Business|One of America’s Oldest Gun Makers Files for Bankruptcy for 2nd Time
The move by the 204-year-old Remington Arms Company came after years of litigation and declining sales.
The Remington Arms Company, one of America’s oldest and largest gun manufacturers, filed for bankruptcy protection on Monday after years of litigation and a loss of investors took a heavy toll on its finances.
The Chapter 11 filing in the U.S. Bankruptcy Court in Decatur, Ala., is the company’s second restructuring in two years. Remington has been in search of potential buyers and had been in talks with Navajo Nation to acquire it out of bankruptcy, but the negotiations collapsed in recent weeks, leaving the company without a bidder as it goes through reorganization.
Remington Arms was founded in 1816 in upstate New York by Eliphalet Remington II, at a time when most guns in America were crude rifles made by heating and hammering iron strips around a metal rod.
Remington believed he could build a better gun than he could buy and began making firearms in his father’s forge. Remington’s firearms were used in the Civil War, World War I and World War II, and remain popular for use in shooting sports and hunting and by law enforcement and the military.
The filing by the company comes as demand for firearms is down, despite a recent uptick in sales during the coronavirus pandemic.
But a slump in gun sales is not what drove Remington to file for bankruptcy, said Adam Winkler, a professor at the U.C.L.A. School of Law who specializes in gun policy.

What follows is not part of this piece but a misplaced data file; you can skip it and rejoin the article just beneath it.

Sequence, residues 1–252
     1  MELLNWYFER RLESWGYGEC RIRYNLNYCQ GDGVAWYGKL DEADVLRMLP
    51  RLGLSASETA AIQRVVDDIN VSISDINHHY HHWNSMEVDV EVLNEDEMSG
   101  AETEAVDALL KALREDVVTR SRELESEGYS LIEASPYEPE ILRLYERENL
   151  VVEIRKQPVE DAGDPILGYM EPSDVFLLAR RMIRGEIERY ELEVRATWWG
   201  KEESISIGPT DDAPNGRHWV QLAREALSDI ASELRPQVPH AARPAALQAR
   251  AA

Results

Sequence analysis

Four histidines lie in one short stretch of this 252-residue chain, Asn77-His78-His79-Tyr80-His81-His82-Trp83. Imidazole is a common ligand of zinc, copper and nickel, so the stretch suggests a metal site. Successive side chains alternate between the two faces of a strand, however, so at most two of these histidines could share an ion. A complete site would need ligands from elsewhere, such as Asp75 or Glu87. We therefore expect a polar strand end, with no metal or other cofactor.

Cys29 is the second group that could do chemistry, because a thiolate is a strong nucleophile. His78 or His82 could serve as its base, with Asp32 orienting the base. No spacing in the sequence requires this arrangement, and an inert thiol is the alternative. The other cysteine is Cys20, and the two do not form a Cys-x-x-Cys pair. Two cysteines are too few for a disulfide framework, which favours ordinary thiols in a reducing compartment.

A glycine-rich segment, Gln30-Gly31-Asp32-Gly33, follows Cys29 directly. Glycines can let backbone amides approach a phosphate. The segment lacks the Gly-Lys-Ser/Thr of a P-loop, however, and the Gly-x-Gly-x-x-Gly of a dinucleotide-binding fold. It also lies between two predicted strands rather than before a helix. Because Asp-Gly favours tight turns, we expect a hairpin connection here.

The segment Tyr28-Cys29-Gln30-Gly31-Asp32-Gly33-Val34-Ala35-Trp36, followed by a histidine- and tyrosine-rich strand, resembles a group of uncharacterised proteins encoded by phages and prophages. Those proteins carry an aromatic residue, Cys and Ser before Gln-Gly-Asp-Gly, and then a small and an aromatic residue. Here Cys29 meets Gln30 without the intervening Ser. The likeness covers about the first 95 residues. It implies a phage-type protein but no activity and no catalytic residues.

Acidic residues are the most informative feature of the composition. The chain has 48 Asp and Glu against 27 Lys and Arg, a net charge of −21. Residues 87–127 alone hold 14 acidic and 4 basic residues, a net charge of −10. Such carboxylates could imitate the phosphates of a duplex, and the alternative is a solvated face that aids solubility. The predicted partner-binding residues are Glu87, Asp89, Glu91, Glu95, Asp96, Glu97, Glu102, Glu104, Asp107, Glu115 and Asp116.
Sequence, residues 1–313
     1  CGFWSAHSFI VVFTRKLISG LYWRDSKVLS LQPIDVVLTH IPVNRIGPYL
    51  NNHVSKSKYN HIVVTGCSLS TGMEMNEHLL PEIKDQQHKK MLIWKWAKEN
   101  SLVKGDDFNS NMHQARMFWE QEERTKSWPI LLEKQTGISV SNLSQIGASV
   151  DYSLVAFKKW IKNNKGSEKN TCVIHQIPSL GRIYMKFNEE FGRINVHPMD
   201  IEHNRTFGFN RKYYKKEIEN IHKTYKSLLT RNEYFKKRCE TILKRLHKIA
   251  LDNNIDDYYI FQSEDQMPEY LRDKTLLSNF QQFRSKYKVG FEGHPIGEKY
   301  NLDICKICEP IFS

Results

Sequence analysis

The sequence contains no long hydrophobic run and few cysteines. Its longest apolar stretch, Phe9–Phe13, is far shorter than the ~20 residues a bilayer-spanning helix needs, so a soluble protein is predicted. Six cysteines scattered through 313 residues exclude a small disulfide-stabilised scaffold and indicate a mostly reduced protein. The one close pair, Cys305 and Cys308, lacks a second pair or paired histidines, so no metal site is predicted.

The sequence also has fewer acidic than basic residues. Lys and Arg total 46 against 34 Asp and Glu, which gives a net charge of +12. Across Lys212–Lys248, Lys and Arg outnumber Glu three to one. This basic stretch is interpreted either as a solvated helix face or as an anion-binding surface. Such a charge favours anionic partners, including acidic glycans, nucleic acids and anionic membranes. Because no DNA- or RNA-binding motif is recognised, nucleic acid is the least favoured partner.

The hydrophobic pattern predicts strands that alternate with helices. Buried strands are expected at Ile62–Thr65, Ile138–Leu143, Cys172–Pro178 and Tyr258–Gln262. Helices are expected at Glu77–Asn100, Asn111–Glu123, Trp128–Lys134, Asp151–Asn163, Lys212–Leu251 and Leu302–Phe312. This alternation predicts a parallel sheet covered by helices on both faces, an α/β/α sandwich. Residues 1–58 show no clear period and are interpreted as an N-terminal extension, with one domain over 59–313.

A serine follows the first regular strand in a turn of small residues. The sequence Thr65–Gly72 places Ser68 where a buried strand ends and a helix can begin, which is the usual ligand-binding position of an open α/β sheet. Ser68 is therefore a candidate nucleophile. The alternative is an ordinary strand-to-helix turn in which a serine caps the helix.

“Remington’s problem is mostly a problem of Remington mismanagement and not a reflection of larger trends in the gun world,” he said. “I don’t think we’re going to see a whole bunch of gun companies going under now.”
Remington’s troubles date back more than a decade to 2007, when the company was acquired by the private equity firm Cerberus Capital Management.
At first, Remington’s sales surged under Cerberus as demand for guns across the country was booming. But in 2012, 20 children and six adults were killed at Sandy Hook Elementary School in Newtown, Conn., and Remington faced a fierce public backlash after it was reported that the company had manufactured the AR-15-style rifle, the Bushmaster, used by the gunman.
The families of the Sandy Hook victims sued the company, and Remington took on debt, both from paying hefty legal fees and from buying out investors who wanted to divest after a wave of negative public sentiment toward the company.
That debt continued to follow the company for years. The 2018 school shooting in Parkland, Fla., and the ensuing national push for gun control only increased public and financial pressure on Remington, with more big investors and retailers distancing themselves from the company.
Remington’s bankruptcy filing in 2018 allowed it to shed more than $775 million of its $950 million in debt. Ownership of Remington transferred when it exited bankruptcy to some of its former creditors, including Franklin Templeton Investments and JPMorgan Asset Management.
The firearms manufacturer continued to struggle to pay legal fees and the high interest payments on its debt, leading the company to a second filing on Monday.
On Tuesday, the Sandy Hook families released a statement expressing concern that Remington would use the bankruptcy process to escape any potential financial liability stemming from their lawsuit.
“Nearly eight years after my sweet little Daniel, along with six adult educators and 19 other first graders, were murdered in their classrooms, Remington must not be permitted to use its bankruptcy filing to dodge responsibility,” said Mark Barden, whose son was killed in the shooting.